Are you worried about the security of your home wireless network? You should be. Your home wireless network is more than just a way to get online at home – it’s also a conduit for much of your personal information. If you’re like most people who use the internet at home, you use it to send and receive emails, shop, bank, and enjoy social media. If you don’t lock down your network, neighbors or even random passersby on the street could piggyback off your signal, and hackers could even use it to steal your personal information, perpetrate a ransomware attack, or worse.
Fortunately, securing your home wireless network is simpler than you might think. Even today, when cyberthreats and data breaches are increasingly common, there are several basic but effective steps you can take to safeguard your network, and the devices connected to it.
Change Your Default Credentials
The first step toward securing your home wireless network should be to change your network’s name and password. When you first set up your wireless network, you’ll use the generic username and password that came with your router. The trouble is, that username is a matter of public record, and in most cases, the default password is written somewhere on your router. That means that anyone who has physical access to your router can access your network – and it also means that a hacker with decent password cracking software can decipher your credentials, as well, since they’ll already have your network’s username.
You’ll also want to change your network’s service set identifier, or SSID. This is the name you see on the list of available networks when you go to connect to the network with a device. The default SSID probably includes the make and model number of your router, which is valuable info for hackers looking to pin down your router type. Change the network name to something more generic, like “BillWitheScienceFi” or “this is my WiFi.” Refrain from including personal info, such as your name or your pet’s name, in the SSID. This protects you from identity thefts and makes it hard for hackers to figure out which network is yours.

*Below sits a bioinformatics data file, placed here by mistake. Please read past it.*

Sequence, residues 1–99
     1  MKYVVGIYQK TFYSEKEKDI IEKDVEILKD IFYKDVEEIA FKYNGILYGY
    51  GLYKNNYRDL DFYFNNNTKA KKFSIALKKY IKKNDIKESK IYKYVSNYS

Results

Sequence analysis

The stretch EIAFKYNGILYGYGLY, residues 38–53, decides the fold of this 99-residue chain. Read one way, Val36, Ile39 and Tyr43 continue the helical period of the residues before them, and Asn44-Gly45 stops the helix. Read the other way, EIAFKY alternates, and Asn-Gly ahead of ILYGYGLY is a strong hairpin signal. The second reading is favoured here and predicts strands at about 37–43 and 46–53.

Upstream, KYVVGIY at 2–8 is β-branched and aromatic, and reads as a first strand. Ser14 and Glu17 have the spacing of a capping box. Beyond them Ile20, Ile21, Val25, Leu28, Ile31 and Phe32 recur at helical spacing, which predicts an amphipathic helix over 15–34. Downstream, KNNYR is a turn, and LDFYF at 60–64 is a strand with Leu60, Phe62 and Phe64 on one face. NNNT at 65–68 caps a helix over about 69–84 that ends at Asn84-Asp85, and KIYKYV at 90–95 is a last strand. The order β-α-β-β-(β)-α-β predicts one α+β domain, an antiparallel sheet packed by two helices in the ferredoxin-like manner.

You may have also heard that you can protect your network by turning off SSID broadcasting, so that your SSID doesn’t turn up in the list of available networks. While this can camouflage your network and keep non-tech-savvy people from getting onto it, it won’t do much to stop a hacker, who will be able to located hidden networks using a wireless sniffer.
Encrypt Your Network and Hide It Behind a Firewall
If your router is relatively new – made within the last 10 years – it should include built-in encryption that you can activate. Go into your router’s settings and turn on WPA2 (or WPA2-PSK) encryption. Choose the AES option, not the TPIK. If you have a brand-new router with WPA3 encryption, choose that option instead. If your router doesn’t have at least WPA2, get a new router.
When you enable the encryption, you’ll need to change your network key. This will be the password that you’ll need to enter to connect devices to the network, so it should be easy to enter on a range of devices, but still secure. Use a mix of lower- and uppercase letters, special characters, and numbers.
Next, activate your router’s firewall if it’s not already activated. You might need to look for something called network address translation (NAT) or stateful packet inspection (SPI). A firewall on your router protects your network from external attacks. You should also be using a firewall on any devices that you use to access the network. This keeps malware on your own devices from sending information over the Internet without your permission. Choose a security app like Trend Micro Maximum Security for a second layer of protection.
There are ways that you can limit the number of devices that are allowed to connect to your network, such as limiting or disabling DHCP to cut down on the number of IP addresses your network can use, or filtering MAC addresses so that only your manually pre-approved devices can connect. While some argue that these measures make your network more secure, they can also make it more of a pain to actually use the network, especially these days when everything from your phone to your refrigerator to your toothbrush needs internet access. These strategies can also be daunting for the non-IT-professionals among us. If you want even more security for your network without the hassle of individually approving countless devices, consider using a virtual private network (VPN).
With so much of our lives occurring online these days, securing your home wireless network should be a priority. Encrypting your network doesn’t have to mean pulling your hair out. Take these easy steps to stay safe.